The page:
United States Code

USC most recently checked for updates: Jul 13, 2024

§ 1253.
Penalties related to removal
Penalty for failure to depart
In general
Any alien against whom a final order of removal is outstanding by reason of being a member of any of the classes described in section 1227(a) of this title, who—
willfully fails or refuses to depart from the United States within a period of 90 days from the date of the final order of removal under administrative processes, or if judicial review is had, then from the date of the final order of the court,
willfully fails or refuses to make timely application in good faith for travel or other documents necessary to the alien’s departure,
connives or conspires, or takes any other action, designed to prevent or hamper or with the purpose of preventing or hampering the alien’s departure pursuant to such, or
willfully fails or refuses to present himself or herself for removal at the time and place required by the Attorney General pursuant to such order,
shall be fined under title 18, or imprisoned not more than four years (or 10 years if the alien is a member of any of the classes described in paragraph (1)(E), (2), (3), or (4) of section 1227(a) of this title), or both.

It is not a violation of paragraph (1) to take any proper steps for the purpose of securing cancellation of or exemption from such order of removal or for the purpose of securing the alien’s release from incarceration or custody.

The court may for good cause suspend the sentence of an alien under this subsection and order the alien’s release under such conditions as the court may prescribe. In determining whether good cause has been shown to justify releasing the alien, the court shall take into account such factors as—
the age, health, and period of detention of the alien;
the effect of the alien’s release upon the national security and public peace or safety;
the likelihood of the alien’s resuming or following a course of conduct which made or would make the alien deportable;
the character of the efforts made by such alien himself and by representatives of the country or countries to which the alien’s removal is directed to expedite the alien’s departure from the United States;
the reason for the inability of the Government of the United States to secure passports, other travel documents, or removal facilities from the country or countries to which the alien has been ordered removed; and
the eligibility of the alien for discretionary relief under the immigration laws.
Willful failure to comply with terms of release under supervision

An alien who shall willfully fail to comply with regulations or requirements issued pursuant to section 1231(a)(3) of this title or knowingly give false information in response to an inquiry under such section shall be fined not more than $1,000 or imprisoned for not more than one year, or both.

Penalties relating to vessels and aircraft
Civil penalties
Failure to carry out certain orders

If the Attorney General is satisfied that a person has violated subsection (d) or (e) of section 1231 of this title, the person shall pay to the Commissioner the sum of $2,000 for each violation.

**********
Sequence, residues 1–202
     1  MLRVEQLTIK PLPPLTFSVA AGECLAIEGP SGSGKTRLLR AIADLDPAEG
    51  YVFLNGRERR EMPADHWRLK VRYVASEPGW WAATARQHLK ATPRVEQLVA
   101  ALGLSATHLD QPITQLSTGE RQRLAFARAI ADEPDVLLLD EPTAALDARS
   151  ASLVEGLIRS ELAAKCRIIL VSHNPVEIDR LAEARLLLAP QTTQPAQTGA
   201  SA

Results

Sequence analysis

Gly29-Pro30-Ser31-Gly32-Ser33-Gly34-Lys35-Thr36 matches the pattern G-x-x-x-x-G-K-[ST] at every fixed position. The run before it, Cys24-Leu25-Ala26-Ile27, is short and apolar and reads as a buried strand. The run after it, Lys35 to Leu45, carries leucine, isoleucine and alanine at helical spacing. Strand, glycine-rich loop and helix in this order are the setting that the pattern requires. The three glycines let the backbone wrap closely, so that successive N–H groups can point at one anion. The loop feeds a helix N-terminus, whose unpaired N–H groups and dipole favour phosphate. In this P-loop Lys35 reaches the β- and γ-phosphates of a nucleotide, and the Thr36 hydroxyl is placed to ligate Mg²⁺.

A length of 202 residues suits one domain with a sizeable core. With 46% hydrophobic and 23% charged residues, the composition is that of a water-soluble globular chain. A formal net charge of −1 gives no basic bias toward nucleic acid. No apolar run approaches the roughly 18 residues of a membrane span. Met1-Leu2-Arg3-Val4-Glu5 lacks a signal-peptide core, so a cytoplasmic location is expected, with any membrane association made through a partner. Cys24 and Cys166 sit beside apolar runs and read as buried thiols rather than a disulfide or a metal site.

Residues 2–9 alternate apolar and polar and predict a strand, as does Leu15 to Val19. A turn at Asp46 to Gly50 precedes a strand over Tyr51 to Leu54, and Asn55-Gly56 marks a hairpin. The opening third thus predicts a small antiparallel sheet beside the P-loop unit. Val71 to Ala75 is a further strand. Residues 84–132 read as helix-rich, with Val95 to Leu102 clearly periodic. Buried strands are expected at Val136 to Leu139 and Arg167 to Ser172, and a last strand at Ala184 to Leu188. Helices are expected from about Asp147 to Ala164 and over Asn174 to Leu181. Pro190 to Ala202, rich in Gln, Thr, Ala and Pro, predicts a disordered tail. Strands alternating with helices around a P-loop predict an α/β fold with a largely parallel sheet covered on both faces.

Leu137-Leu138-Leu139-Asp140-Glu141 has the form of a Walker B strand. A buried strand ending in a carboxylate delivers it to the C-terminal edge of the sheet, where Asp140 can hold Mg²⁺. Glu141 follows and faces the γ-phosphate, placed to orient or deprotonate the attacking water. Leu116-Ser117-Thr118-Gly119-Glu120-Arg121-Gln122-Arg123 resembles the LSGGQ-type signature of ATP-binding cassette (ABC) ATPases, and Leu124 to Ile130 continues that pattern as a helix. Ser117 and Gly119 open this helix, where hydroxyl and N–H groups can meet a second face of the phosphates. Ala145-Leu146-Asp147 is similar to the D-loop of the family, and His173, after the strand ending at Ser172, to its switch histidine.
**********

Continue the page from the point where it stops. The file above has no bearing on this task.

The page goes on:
Failure to remove alien stowaways

If the Attorney General is satisfied that a person has failed to remove an alien stowaway as required under section 1231(d)(2) of this title, the person shall pay to the Commissioner the sum of $5,000 for each alien stowaway not removed.

No compromise

The Attorney General may not compromise the amount of such penalty under this paragraph.

Clearing vessels and aircraft
Clearance before decision on liability

A vessel or aircraft may be granted clearance before a decision on liability is made under paragraph (1) only if a bond approved by the Attorney General or an amount sufficient to pay the civil penalty is deposited with the Commissioner.

Prohibition on clearance while penalty unpaid

A vessel or aircraft may not be granted clearance if a civil penalty imposed under paragraph (1) is not paid.

Discontinuing granting visas to nationals of country denying or delaying accepting alien

On being notified by the Attorney General that the government of a foreign country denies or unreasonably delays accepting an alien who is a citizen, subject, national, or resident of that country after the Attorney General asks whether the government will accept the alien under this section, the Secretary of State shall order consular officers in that foreign country to discontinue granting immigrant visas or nonimmigrant visas, or both, to citizens, subjects, nationals, and residents of that country until the Attorney General notifies the Secretary that the country has accepted the alien.

(June 27, 1952, ch. 477, title II, ch. 5, § 243, 66 Stat. 212; Pub. L. 89–236, § 11(f), Oct. 3, 1965, 79 Stat. 918; Pub. L. 95–549, title I, § 104, Oct. 30, 1978, 92 Stat. 2066; Pub. L. 96–212, title II, § 203(e), Mar. 17, 1980, 94 Stat. 107; Pub. L. 97–116, § 18(i), Dec. 29, 1981, 95 Stat. 1620; Pub. L. 101–649, title V, § 515(a)(2), title VI, § 603(b)(3), Nov. 29, 1990, 104 Stat. 5053, 5085; Pub. L. 104–132, title IV, § 413(a), (f), Apr. 24, 1996, 110 Stat. 1269; Pub. L. 104–208, div. C, title III, § 307(a), Sept. 30, 1996, 110 Stat. 3009–612.)
cite as: 8 USC 1253